• Scalpel blade

  • 14- to 20-French red rubber, silicone elastomer, or polyurethane tube

  • Tubing adapter and injection cap (to permit capping of tube)

  • 0 or 2-0 nylon suture

  • Nonionic iodinated radiographic contrast (eg, iohexol)

  • Triple antibiotic ointment

  • Nonadherent dressing and bandage material

  • Fabric, washable esophageal feeding-tube collar (eg, Kitty Kollar; optional)

REBECCA T. HODSHON, DVM, DACVS-SA, is a third-year small animal surgical resident at University of Tennessee Veterinary Medical Center, where she also earned her DVM. Dr. Hodshon completed her internship at Affiliated Veterinary Specialists in Maitland, Florida.

KAREN M. TOBIAS, DVM, MS, DACVS, is professor of small animal soft tissue surgery at University of Tennessee and mentors veterinarians in writing educational articles. She taught at University of Georgia and Washington State University, authored Manual of Small Animal Soft Tissue Surgery, and was coeditor of Veterinary Surgery: Small Animal. She completed her internship and residency at Purdue University and The Ohio State University, respectively, and earned her DVM from University of Illinois. Dr. Tobias presented on essential wound care techniques at the NAVC Conference 2013.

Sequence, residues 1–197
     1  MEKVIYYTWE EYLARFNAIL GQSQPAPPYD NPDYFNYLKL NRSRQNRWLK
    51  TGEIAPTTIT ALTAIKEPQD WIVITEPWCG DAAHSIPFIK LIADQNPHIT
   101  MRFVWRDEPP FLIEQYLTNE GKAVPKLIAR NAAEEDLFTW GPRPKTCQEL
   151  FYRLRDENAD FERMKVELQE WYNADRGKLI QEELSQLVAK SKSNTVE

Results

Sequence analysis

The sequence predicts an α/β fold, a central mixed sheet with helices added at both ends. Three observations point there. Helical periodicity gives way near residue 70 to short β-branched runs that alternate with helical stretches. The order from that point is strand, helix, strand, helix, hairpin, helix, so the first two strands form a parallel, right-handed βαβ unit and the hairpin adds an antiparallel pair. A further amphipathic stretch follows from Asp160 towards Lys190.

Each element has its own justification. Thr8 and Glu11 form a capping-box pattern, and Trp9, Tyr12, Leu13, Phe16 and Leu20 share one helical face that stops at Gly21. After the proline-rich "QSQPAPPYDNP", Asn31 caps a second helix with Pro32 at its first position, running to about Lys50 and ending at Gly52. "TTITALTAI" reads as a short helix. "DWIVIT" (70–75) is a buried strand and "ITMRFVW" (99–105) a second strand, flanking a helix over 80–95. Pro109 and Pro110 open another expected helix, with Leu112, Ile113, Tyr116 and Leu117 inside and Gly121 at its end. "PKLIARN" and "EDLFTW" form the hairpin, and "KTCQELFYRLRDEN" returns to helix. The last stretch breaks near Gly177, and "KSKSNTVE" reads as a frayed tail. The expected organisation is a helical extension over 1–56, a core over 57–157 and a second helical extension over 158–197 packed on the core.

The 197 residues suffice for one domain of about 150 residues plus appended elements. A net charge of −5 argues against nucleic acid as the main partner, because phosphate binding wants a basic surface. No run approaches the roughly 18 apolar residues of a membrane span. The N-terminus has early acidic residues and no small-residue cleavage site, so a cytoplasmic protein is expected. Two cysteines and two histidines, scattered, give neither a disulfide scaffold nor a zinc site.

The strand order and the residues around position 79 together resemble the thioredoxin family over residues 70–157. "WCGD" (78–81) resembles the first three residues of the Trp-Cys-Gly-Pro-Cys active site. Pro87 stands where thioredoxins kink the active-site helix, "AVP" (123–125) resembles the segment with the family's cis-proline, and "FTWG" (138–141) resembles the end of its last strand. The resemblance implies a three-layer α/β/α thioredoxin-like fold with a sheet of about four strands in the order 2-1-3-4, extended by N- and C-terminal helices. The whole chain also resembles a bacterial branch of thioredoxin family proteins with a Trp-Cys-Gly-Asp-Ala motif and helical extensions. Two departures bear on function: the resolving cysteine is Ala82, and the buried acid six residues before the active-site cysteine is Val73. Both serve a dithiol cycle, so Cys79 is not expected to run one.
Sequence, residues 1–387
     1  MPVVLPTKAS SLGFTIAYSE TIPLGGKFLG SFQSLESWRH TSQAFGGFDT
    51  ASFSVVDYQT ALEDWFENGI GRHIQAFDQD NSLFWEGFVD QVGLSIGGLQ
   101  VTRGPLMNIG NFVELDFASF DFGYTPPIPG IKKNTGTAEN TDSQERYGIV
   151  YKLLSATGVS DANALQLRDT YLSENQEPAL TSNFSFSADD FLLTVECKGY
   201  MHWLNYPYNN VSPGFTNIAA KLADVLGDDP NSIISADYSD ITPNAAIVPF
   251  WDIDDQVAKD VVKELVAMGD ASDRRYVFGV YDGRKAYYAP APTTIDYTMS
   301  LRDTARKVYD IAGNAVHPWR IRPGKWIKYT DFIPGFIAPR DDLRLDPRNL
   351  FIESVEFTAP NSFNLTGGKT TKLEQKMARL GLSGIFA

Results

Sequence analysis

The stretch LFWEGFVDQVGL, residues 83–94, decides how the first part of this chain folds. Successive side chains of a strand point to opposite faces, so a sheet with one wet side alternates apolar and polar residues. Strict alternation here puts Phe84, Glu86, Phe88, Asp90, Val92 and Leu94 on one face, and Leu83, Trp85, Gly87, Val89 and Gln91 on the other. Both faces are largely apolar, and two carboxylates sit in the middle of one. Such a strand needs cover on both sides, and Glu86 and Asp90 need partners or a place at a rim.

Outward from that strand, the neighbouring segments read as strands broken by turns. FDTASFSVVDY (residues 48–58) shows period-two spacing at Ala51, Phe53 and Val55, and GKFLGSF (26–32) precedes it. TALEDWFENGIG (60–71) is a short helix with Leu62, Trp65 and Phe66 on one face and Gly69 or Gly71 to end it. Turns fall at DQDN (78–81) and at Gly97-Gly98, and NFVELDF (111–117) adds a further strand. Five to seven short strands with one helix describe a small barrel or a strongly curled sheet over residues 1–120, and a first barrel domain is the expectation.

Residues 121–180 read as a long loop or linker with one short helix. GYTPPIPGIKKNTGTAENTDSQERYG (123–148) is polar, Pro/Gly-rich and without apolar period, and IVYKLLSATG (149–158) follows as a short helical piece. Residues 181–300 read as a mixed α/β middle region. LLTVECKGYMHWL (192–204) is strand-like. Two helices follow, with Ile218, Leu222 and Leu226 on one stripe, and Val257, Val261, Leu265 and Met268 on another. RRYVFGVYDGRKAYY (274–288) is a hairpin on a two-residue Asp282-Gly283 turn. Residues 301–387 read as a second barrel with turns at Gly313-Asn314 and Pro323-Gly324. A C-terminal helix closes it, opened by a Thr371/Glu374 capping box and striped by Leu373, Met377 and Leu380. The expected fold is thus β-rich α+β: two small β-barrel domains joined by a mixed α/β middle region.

1. Management of anorexia in dogs and cats. Delaney SJ. Vet Clin North Am Small Anim Pract 36:1243-1249, 2006.2. Esophageal and gastric feeding tubes in ICU patients. Han E. Clin Tech Small Anim Pract 19:22-31, 2004.3. Assisted feeding in hospitalized patients: Enteral and parenteral nutrition. Remillard RL, Armstrong PJ, Davenport DJ. In Hand MS, Thatcher CD, Remillard RL, et al (eds): Small Animal Clinical Nutrition, 4th ed—Topeka: Mark Morris Institute, 2000, pp 351-399.4. Clinical evaluation of tube esophagostomy in small animals. Devitt CM, Seim HB III. JAAHA 33:55-60, 1997.5. A comparison of owner management and complications in 67 cats with esophagostomy and percutaneous endoscopic gastrostomy feeding tubes. Ireland LM, Hohenhaus AE, Broussard JD, Weissman BL. JAAHA 39:241-246, 2003.